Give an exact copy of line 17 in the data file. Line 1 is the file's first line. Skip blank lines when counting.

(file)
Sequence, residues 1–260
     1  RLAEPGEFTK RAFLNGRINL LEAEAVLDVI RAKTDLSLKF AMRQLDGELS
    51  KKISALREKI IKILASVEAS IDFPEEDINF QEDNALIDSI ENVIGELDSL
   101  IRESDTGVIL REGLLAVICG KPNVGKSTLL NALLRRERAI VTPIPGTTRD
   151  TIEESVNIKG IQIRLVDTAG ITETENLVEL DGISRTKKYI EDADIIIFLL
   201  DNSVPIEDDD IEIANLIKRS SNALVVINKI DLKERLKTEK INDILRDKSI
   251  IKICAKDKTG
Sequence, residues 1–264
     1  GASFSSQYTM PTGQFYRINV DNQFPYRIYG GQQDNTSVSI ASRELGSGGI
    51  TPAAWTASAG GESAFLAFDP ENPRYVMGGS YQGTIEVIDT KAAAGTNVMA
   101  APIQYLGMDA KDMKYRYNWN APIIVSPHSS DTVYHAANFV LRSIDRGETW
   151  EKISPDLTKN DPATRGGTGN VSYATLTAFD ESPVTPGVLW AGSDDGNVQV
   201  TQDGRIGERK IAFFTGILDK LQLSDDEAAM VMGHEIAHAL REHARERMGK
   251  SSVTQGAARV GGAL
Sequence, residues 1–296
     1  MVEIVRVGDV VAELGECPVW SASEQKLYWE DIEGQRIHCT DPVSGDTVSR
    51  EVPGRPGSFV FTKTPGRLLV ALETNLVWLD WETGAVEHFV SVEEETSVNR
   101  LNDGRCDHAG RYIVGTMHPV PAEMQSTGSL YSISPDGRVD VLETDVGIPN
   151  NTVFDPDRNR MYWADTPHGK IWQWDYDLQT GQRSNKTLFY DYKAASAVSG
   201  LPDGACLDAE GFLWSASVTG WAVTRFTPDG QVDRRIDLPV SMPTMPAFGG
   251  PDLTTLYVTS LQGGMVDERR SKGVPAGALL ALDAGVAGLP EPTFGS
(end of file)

    51  EVPGRPGSFV FTKTPGRLLV ALETNLVWLD WETGAVEHFV SVEEETSVNR